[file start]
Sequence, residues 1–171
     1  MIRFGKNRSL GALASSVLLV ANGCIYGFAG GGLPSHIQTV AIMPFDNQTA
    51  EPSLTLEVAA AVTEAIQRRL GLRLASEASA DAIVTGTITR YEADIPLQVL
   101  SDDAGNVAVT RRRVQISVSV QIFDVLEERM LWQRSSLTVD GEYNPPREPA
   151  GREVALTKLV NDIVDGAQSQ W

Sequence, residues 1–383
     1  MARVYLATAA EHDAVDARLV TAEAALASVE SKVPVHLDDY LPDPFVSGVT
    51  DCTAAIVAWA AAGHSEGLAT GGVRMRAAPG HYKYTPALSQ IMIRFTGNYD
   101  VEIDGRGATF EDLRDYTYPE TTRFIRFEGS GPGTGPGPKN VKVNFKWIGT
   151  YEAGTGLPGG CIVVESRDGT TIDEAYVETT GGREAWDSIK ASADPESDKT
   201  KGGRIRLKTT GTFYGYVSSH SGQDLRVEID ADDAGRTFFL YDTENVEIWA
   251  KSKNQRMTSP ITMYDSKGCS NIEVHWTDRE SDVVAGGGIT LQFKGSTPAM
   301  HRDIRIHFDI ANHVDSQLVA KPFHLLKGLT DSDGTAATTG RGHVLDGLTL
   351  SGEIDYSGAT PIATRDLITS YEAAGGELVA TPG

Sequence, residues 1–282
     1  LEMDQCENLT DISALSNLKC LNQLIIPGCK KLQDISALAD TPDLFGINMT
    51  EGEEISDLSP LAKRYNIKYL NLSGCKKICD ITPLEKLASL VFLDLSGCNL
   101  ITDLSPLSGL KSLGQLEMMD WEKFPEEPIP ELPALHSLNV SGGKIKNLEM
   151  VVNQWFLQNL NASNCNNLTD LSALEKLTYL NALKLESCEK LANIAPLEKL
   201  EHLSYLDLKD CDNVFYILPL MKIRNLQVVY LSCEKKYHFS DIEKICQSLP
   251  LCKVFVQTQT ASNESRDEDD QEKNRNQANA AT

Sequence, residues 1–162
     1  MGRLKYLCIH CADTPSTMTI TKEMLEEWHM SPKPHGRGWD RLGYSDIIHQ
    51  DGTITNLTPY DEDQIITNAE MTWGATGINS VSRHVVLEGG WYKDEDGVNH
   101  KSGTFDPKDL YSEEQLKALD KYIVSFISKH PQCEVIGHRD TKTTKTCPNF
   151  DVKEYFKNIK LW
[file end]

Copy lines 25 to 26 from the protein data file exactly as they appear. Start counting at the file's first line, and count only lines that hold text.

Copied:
   101  KSGTFDPKDL YSEEQLKALD KYIVSFISKH PQCEVIGHRD TKTTKTCPNF
   151  DVKEYFKNIK LW